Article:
Skinny Protocol—Skinny Protocol-based voice-messaging systems, more properly termed directly connected voice-messaging systems, get used even though other protocols could theoretically be used to communicate with these systems. Directly connected voice-messaging systems send message-waiting indications by calling a message-waiting on and off number that is especially configured in Cisco CallManager Administration. In Cisco CallManager Administration, you can configure the interface to directly connected voice-messaging systems by creating voice-mail ports. Multiple simultaneous calls to a voice-messaging system can occur by creating multiple voice-mail ports and then forwarding them to each other in a chain. Refer to "Cisco Voice Mail Port Configuration" in the Cisco CallManager Administration Guide.

PSTN Gateway interfaces—H.323-based voice-messaging systems and legacy voice-messaging systems use PSTN Gateway interfaces. These systems usually (but not necessarily) send message-waiting indications by using SMDI over an EIA/TIA-232 interface. The Cisco Messaging Interface service relays these indications to Cisco CallManager. In Cisco CallManager Administration, you can provision the interface to gateway-based voice-messaging systems simply by provisioning a gateway. By creating a route group that contains individual gateway ports, you can enable simultaneous calls to a voice-messaging system. In addition, if the voice-messaging system uses SMDI, you must configure and run the Cisco Messaging Interface service. Refer to "Cisco Messaging Interface Configuration" in the Cisco CallManager Administration Guide for more information.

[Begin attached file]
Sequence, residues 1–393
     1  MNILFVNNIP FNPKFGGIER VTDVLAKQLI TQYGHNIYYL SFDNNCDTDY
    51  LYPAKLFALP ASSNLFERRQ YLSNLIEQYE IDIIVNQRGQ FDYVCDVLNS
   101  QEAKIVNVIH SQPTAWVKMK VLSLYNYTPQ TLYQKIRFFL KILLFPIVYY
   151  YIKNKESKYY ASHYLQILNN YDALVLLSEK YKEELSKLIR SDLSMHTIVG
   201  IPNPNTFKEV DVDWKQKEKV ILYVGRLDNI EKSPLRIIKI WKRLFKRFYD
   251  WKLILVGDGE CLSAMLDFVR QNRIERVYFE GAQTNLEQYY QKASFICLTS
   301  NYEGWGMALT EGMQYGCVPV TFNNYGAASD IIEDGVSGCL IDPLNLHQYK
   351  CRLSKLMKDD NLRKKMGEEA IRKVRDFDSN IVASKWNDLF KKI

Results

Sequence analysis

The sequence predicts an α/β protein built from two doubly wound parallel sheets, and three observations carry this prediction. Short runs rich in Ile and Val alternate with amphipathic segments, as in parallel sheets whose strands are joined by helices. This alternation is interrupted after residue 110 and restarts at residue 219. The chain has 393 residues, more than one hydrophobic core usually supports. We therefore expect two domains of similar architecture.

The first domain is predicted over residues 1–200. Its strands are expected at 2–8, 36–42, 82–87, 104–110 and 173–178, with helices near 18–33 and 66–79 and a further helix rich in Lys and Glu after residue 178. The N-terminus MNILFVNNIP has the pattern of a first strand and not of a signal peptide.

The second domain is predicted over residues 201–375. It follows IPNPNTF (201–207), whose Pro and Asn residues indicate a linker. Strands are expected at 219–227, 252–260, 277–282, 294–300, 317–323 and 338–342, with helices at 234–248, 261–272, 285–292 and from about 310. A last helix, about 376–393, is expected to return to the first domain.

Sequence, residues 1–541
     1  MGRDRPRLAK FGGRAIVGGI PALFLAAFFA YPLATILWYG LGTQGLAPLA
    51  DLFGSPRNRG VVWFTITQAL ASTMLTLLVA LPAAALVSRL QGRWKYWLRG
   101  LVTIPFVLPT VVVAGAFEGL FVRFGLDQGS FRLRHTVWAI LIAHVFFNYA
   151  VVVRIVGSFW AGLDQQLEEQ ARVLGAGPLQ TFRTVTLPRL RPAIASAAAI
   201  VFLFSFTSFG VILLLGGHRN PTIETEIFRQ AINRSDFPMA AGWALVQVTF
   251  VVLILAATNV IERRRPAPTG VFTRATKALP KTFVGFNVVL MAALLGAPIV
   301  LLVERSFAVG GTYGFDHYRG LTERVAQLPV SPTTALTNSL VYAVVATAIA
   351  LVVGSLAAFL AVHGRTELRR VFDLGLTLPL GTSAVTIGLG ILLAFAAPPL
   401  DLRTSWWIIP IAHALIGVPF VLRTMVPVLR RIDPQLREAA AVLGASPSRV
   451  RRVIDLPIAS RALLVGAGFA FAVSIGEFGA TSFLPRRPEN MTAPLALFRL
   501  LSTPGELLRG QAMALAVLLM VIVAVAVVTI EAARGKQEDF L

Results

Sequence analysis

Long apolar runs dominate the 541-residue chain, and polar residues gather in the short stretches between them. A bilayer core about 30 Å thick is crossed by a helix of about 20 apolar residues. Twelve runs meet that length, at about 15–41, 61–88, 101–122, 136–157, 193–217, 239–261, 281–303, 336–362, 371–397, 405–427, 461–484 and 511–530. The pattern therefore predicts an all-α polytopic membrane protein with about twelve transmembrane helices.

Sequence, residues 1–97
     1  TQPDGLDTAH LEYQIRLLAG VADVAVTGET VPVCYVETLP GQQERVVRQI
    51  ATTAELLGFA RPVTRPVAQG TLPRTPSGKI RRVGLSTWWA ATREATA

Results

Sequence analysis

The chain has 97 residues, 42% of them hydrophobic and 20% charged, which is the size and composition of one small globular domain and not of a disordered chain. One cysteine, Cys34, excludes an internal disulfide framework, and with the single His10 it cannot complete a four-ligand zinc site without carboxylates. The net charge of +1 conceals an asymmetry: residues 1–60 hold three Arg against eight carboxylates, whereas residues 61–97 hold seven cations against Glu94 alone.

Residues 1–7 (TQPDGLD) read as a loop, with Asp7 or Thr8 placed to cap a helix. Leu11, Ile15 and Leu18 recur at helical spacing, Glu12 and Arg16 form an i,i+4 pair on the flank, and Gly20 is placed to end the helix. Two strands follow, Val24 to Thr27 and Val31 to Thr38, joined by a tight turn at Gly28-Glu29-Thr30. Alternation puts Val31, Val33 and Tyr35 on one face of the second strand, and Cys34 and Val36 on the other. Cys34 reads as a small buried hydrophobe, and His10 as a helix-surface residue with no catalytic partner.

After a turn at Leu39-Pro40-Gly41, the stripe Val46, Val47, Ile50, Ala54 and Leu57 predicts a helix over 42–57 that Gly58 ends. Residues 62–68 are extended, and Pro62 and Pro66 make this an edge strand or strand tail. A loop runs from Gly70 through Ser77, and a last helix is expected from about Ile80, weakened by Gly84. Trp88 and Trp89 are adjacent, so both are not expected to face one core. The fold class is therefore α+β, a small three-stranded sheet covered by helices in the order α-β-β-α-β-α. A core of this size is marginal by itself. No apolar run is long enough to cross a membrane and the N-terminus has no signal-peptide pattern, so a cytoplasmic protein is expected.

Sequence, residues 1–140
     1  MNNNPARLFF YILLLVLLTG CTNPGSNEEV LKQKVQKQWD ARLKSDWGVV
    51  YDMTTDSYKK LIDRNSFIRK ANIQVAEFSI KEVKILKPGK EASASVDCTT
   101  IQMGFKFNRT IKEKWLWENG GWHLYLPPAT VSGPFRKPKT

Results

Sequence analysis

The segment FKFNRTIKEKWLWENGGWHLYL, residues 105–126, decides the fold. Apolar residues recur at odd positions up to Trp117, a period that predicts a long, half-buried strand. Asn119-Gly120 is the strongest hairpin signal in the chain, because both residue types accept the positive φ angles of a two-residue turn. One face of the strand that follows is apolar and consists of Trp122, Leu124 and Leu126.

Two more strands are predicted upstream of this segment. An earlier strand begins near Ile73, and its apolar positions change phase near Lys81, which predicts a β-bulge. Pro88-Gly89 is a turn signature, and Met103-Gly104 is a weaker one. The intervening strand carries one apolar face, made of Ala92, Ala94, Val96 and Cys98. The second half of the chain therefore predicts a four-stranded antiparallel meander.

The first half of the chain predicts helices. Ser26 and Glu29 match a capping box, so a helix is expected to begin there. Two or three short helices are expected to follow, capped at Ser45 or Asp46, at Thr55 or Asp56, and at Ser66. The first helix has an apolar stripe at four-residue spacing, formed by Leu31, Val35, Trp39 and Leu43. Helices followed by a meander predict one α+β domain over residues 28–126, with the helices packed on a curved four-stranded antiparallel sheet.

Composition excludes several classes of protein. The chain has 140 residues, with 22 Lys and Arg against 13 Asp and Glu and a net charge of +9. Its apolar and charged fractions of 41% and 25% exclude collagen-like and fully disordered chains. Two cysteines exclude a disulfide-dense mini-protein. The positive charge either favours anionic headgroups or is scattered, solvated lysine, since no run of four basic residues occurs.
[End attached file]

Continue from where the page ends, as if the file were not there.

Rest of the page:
Intercluster interfaces—A Cisco CallManager in one cluster can provide access to a voice-messaging system in another cluster, if the administrator provisions the voice-mail pilot number on the intercluster trunk; however, because Cisco CallManager clusters provide no feature transparency over intercluster trunks, voice-messaging systems cannot set message-waiting indicators for devices in other clusters.

Where to Find More Information

Additional Cisco Documentation

Cisco Voice Mail Port Configuration, Cisco CallManager Administration Guide

Cisco Voice Mail Port Wizard, Cisco CallManager Administration Guide

Message Waiting Configuration, Cisco CallManager Administration Guide

Cisco Voice Mail Pilot Configuration, Cisco CallManager Administration Guide

Voice Mail Profile Configuration, Cisco CallManager Administration Guide

Service Parameters Configuration, Cisco CallManager Administration Guide